If you have a Google account (that you can use for all Google products), you can use the My Library feature of Google Scholar. Separately, you can change some Google Scholar settings. If you are signed in to for example, Gmail or YouTube, when you open Google Scholar, you will be signed in automatically. You don't need a Google account to use Google Scholar, but you do need to sign in if you want to use My Library. The sign in link is on the top right-hand side of the page.
The My Library feature in Google Scholar lets you save articles directly from the search results page so you can access them again at any time. You can organise these articles into folders using labels that you create and edit the details that appear in your reference lists. Using the My Library feature is a good way of keeping track of articles that you're interested in and organising them for use.
Below a search result, click to save the result to your library. When you do so, a notification will appear on the bottom left of the page. You can click 'your library' to see your saved articles.
The star's outline is now filled in -- to show that the article's been saved to your library.
You can access your library by clicking the link in the notification that appears when you save an item or you can access your library via the "hamburger" menu Click on this to open a list of options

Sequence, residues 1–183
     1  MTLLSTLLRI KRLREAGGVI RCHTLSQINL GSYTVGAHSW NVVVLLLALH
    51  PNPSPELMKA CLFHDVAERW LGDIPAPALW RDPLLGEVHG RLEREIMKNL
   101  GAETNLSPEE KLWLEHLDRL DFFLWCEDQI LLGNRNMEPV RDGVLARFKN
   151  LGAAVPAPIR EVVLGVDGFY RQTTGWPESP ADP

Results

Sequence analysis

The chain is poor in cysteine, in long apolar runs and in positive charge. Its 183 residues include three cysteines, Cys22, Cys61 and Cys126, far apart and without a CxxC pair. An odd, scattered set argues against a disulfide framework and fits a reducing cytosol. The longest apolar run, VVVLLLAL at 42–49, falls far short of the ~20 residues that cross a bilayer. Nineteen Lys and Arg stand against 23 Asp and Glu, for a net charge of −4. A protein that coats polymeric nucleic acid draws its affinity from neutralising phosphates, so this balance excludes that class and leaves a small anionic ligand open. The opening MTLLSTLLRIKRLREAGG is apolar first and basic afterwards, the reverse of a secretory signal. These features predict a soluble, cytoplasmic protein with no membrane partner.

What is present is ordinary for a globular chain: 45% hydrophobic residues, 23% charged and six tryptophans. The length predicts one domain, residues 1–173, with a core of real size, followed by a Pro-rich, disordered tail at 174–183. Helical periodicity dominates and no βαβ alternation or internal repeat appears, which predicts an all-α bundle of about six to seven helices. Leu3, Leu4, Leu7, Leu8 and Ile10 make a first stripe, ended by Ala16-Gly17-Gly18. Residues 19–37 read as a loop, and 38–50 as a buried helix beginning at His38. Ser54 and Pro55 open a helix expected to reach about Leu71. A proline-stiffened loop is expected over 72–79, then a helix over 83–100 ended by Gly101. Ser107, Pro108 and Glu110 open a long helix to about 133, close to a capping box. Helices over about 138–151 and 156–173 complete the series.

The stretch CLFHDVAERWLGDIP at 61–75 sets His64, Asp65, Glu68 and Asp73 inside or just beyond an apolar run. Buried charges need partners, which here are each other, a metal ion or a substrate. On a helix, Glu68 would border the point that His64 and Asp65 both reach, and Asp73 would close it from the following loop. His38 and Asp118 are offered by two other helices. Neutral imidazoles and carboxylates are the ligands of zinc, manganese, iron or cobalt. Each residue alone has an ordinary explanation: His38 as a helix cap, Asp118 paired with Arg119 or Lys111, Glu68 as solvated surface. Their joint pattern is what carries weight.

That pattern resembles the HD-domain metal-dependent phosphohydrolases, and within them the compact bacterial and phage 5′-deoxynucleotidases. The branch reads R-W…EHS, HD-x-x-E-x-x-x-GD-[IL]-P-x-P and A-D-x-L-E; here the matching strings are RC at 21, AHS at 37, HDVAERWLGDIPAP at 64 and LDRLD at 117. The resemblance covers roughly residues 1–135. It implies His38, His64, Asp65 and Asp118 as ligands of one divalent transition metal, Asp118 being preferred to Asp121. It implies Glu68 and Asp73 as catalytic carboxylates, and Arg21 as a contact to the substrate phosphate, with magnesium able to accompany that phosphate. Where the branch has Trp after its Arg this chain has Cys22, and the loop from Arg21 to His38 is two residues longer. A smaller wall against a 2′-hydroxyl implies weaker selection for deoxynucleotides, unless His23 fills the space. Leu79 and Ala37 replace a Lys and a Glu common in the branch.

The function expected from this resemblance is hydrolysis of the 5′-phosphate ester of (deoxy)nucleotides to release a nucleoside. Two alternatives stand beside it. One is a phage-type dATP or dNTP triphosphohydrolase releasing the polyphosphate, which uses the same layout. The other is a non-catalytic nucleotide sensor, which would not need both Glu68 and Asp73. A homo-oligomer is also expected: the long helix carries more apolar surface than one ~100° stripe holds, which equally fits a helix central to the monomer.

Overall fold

There's a small menu bar with icons above your library items. We'll explain of each of the icons are for
1 Select all items. You need to select an item to perform an action on it. Tick this box to select all items
2 Edit the details of an item - change the title, or the authors etc
3 Delete items
4 Export the citation to a file - to import into reference management software such as Zotero
5 Create labels to organise your library items into folders
6. Select an individual item
Perhaps of better use than My Library is the ability to set up alerts to receive an email when articles that match your searches are published. To set up an alert
Run your search
Click on the Create alert link
Check your details (search keywords, email address, number of results to display - 10 or 20) and click Create Alert
You will receive an email to confirm that you want to set the alert
Note: you don't need to be signed in to Google to create an alert - you can enter an email address in the Create Alert box
If you have published articles, then you can create a profile, which lets you showcase your publications. You can check to see if anyone is citing your articles and get some statistics about citations. You can also make your profile public; this is the profile page for physicist and author Richard Feynman and here are Google's pages on setting up a profile.
This really isn't the space to get into metrics, but basically one way, an important way, of measuring the impact of articles, is to look at the number of times they get cited by other authors. The Metrics section provides information about the most cited articles and most cited journals.
You can change a number of settings in Google Scholar including: